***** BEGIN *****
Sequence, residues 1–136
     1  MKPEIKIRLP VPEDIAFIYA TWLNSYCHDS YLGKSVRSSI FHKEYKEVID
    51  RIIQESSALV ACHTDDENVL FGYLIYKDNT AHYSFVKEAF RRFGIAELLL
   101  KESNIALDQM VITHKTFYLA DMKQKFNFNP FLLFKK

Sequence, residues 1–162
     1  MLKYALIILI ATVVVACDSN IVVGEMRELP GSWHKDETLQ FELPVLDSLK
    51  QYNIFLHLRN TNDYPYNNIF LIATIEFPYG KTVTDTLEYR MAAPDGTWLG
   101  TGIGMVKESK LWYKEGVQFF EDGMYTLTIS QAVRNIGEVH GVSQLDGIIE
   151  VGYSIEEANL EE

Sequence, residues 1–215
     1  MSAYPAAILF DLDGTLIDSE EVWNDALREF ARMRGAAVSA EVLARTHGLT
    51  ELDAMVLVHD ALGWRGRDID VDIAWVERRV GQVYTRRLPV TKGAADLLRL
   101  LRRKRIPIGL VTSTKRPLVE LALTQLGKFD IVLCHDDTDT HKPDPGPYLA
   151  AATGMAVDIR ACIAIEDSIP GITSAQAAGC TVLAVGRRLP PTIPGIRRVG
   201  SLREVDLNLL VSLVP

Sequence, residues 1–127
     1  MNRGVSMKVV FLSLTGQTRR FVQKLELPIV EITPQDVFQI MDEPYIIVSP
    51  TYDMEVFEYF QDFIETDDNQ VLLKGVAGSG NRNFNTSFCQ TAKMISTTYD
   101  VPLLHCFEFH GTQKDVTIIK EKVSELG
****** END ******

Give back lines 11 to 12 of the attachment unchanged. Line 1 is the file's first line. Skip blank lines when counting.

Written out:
     1  MSAYPAAILF DLDGTLIDSE EVWNDALREF ARMRGAAVSA EVLARTHGLT
    51  ELDAMVLVHD ALGWRGRDID VDIAWVERRV GQVYTRRLPV TKGAADLLRL